Costa Rica has moved to require coronavirus vaccinations for everyone under the age of 18, marking one of the world's largest mandates for children.
Costa Rica's Health Ministry announced that vaccinations for children will be required along with other mandatory shots for illnesses such as chickenpox and polio, according to The Washington Post.
Parents and guardians will reportedly be asked to see that minors receive vaccinations in a “timely manner.”
The Post noted that Costa Rica is the first nation in the world to require immunizations against the coronavirus for children.
Arachu Castro, a Tulane University professor who specializes in public health in Latin America, told the newspaper that the move on Friday “helps normalize the vaccine" and indicates that “COVID may become endemic.”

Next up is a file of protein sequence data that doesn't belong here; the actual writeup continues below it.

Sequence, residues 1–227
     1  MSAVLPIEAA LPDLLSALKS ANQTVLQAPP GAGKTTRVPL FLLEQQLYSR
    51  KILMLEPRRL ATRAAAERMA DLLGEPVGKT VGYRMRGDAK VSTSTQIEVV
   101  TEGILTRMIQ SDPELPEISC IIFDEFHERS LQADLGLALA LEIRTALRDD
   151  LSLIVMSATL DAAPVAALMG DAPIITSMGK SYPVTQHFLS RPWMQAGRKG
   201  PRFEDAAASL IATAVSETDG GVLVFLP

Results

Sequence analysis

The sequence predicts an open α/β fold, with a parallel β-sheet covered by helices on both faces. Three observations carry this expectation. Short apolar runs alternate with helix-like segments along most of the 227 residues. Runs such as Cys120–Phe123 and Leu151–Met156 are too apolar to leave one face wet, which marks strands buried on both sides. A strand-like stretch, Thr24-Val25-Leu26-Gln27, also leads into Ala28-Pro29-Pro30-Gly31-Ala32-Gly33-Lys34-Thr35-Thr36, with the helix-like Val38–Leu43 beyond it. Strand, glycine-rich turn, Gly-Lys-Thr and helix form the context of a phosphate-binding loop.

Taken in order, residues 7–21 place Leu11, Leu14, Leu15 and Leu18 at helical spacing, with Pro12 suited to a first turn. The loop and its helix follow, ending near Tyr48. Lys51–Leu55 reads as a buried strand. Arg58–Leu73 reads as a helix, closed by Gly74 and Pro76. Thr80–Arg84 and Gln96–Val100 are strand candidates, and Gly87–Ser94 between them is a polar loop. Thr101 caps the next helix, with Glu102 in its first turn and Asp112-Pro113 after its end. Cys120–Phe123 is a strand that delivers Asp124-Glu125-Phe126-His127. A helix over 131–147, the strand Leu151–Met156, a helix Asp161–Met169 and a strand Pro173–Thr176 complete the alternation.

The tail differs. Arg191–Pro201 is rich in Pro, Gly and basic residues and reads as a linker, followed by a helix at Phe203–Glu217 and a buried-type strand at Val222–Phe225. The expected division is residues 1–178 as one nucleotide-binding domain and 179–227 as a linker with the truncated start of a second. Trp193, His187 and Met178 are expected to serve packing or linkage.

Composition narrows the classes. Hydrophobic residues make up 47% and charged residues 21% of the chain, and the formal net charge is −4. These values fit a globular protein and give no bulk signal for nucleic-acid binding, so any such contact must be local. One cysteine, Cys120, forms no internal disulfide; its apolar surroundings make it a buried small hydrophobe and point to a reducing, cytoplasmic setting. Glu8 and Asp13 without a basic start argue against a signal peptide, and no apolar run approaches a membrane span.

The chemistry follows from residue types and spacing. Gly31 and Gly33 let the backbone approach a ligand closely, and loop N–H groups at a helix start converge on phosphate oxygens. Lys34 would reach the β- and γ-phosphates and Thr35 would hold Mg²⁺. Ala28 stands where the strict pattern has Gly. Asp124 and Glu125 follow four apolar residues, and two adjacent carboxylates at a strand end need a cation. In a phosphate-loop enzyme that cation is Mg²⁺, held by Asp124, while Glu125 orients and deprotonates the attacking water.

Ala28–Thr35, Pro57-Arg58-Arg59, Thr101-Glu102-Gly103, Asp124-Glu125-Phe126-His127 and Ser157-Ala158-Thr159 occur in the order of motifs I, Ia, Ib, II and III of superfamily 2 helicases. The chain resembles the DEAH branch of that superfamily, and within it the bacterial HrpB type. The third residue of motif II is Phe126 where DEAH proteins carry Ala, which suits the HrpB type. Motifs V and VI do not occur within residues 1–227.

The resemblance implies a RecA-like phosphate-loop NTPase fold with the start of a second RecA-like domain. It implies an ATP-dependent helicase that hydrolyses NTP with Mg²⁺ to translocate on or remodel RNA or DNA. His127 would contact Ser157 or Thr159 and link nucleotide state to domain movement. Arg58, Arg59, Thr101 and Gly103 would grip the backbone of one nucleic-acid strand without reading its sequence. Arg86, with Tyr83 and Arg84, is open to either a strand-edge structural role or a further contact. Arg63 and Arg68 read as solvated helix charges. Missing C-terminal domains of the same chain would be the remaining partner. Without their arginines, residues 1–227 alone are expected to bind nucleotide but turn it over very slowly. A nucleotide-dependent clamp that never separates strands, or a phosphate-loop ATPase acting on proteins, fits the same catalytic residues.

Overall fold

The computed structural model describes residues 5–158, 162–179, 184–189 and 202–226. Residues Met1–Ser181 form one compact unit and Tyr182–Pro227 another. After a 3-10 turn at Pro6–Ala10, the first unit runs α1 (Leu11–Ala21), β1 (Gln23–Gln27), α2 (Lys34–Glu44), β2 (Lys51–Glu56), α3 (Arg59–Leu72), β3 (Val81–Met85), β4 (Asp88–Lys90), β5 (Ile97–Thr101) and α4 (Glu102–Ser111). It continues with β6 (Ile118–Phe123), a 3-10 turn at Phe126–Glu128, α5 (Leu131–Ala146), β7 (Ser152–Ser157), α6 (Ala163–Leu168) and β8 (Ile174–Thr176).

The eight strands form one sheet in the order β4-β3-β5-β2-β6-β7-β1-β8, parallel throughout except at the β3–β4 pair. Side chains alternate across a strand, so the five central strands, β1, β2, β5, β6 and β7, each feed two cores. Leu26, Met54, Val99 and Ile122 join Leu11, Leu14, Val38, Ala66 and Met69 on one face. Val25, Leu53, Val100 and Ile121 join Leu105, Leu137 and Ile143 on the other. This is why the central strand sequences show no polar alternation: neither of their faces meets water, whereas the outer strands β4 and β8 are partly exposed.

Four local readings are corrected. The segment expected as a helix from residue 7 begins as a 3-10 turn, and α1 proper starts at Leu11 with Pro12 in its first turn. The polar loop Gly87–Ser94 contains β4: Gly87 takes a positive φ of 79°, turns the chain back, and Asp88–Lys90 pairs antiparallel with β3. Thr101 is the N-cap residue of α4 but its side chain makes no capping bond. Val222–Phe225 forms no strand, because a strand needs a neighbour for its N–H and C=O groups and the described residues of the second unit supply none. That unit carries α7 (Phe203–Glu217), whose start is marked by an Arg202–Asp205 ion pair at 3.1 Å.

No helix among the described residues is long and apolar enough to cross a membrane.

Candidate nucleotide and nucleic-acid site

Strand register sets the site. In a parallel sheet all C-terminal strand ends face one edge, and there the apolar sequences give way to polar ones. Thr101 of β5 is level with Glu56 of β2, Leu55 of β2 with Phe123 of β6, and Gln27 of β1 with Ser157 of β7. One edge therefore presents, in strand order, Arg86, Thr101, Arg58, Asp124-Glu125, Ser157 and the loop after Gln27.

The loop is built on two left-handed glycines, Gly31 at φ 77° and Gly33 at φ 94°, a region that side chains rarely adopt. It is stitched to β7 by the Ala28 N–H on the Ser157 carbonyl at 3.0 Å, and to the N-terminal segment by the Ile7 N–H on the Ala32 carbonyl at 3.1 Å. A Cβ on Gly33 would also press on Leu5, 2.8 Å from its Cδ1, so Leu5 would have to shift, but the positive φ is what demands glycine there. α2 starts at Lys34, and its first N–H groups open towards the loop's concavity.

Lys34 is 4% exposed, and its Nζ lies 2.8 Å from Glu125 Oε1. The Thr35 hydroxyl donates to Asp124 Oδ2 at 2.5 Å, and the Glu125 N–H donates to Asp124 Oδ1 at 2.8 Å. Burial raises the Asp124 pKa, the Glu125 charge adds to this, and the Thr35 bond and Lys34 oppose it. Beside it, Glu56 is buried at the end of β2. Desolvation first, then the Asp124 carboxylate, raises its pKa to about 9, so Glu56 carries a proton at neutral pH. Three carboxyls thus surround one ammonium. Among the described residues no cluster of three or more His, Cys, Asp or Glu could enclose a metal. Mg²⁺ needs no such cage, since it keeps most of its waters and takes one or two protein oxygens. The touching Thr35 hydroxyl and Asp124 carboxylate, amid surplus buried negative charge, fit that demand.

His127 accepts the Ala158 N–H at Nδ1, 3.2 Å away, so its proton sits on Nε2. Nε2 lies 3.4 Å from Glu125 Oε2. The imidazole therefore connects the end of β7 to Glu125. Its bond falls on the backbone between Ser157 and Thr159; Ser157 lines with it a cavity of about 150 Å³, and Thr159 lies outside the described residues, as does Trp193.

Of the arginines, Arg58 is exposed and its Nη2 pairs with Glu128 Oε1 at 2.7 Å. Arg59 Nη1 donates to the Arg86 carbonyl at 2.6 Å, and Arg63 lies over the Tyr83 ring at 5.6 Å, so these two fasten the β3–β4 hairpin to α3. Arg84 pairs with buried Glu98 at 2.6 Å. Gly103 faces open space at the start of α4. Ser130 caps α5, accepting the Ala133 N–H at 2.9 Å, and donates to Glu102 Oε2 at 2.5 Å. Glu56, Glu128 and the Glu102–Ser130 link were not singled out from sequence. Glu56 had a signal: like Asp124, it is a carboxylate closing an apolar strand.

Castro added that Costa Rica has welcomed the vaccine mandates and trusted the country's public health system.
“Access to public health care in Costa Rica is a matter of national pride,” she said. “It’s seen in a positive nature.”
The country currently requires government employees to get a COVID-19 vaccine and supports vaccine mandates at businesses, according to the Post.
Just last month, Costa Rica began allowing children 12 years old or older to get the Pfizer-BioNTech coronavirus vaccine. Since then, nearly three-quarters of people ages 12 to 19 have reportedly received at least one dose of the vaccine.